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Students finishing school over the next decade will need to make their way in a world unrecognisable from the one their parents began their careers in. Fourth Industrial Revolution technologies – such as artificial intelligence to biotechnology and 3D printing – are already changing workplaces and producing new kinds of jobs, a state of affairs that is only expected to accelerate in the years ahead. A growing global population and the establishment of remote and hybrid working models could spur competition for jobs in new and different ways.

Schools play a significant role in preparing youth for this dynamic new future. By some measures, educational institutions are best placed to do so by creating a culture of excellence across their facilities so as to provide students with a toolkit that enables them to thrive in the vast majority of situations they may encounter. In other words, by shifting the focus from academic grades to personal development.

“The pursuit of excellence is crucial to creativity, knowledge generation, innovation, and the development of new products and services. In short, it is central to social and economic advancement. Given this, the practice of creating cultures of excellence should be given high priority in universities and other institutions,” researcher Michael Mintrom of the Australia and New Zealand School of Government at Monash University explains in a seminal paper outlining how students can be trained to self-consciously build behaviours that generate excellent outcomes.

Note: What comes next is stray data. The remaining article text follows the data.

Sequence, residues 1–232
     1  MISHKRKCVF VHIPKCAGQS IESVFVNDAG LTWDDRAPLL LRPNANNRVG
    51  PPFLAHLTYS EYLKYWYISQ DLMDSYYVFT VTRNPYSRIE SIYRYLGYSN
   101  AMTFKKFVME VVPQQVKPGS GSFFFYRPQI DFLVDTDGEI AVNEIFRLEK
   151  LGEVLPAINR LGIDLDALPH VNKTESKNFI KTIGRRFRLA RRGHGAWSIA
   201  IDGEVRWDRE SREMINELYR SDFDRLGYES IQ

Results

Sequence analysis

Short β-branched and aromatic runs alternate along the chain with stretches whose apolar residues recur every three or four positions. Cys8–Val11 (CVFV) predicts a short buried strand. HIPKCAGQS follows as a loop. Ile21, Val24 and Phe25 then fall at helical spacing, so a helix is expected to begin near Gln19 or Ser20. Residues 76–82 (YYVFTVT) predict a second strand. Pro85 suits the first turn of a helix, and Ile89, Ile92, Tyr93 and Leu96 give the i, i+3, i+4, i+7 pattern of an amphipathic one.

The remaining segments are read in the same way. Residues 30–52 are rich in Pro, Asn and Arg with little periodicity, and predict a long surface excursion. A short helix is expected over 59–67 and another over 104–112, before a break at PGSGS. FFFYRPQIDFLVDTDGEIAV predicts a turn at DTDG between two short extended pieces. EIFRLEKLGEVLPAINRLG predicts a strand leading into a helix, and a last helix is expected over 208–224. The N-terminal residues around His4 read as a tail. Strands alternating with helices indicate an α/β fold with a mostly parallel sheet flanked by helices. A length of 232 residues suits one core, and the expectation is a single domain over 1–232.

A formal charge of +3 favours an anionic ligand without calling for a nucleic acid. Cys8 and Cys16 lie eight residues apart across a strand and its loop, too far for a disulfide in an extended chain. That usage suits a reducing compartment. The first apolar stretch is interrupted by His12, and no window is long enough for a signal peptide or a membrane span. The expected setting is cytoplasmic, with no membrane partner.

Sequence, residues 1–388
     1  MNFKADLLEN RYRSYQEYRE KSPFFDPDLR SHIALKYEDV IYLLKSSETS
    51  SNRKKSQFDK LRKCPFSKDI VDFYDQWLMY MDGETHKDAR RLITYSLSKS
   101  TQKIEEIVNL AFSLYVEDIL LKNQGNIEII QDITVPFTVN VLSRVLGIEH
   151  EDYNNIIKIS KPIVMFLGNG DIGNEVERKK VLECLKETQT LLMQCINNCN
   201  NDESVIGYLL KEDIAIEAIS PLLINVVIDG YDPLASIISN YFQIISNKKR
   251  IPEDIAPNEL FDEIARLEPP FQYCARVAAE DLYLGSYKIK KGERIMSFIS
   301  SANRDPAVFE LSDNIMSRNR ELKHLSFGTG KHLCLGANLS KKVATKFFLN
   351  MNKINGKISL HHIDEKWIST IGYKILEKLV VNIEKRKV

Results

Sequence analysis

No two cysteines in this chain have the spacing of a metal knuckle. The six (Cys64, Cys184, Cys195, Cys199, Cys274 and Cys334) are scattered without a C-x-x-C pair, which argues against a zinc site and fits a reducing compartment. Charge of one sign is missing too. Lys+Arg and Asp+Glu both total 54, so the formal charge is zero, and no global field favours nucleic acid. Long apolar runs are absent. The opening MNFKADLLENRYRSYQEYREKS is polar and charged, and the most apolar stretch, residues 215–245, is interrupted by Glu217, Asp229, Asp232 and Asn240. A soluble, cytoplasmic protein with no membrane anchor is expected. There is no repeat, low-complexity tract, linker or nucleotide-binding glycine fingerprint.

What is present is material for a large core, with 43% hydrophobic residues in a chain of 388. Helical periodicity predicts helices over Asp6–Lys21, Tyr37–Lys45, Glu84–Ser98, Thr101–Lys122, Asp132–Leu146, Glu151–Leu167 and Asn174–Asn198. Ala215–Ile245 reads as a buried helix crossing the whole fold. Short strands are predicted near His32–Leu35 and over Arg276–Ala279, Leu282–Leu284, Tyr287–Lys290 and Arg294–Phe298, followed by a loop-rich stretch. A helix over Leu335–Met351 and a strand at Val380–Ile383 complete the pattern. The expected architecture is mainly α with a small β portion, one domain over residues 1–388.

While his paper refers to higher education, it offers pointers for institutions at every level. “Getting better at pursuing what works is not so much a matter of having more resources. It is about having a mindset oriented towards excellence [and] about having the courage to deploy the right resources to the right initiatives,” he writes.

Educational institutions, then, hold the power to deliver bright futures both for their students and society as a whole.

But how does that play out in the UAE? What approaches do local schools take to build such a culture of excellence. What educational approaches are they incorporating so every student can reach high levels of academic and social success?

Take a well-rounded approach

Building a culture of excellence comes down to a well-rounded education that goes beyond academic grades.

Fairgreen International School in Dubai codifies this culture into a seven-pronged programme. “The culture of excellence at Fairgreen International School is defined by our seven school pillars, focusing on academic growth and achievement, well-being, sustainability, character, innovation, social responsibility and international mindedness,” says Edward Pearce, Director, Fairgreen International School. “We place equal importance on each of the seven areas and keep them at the heart of all that we do to ensure the culture of the school is focused on the whole child.”

Encourage extracurricular activities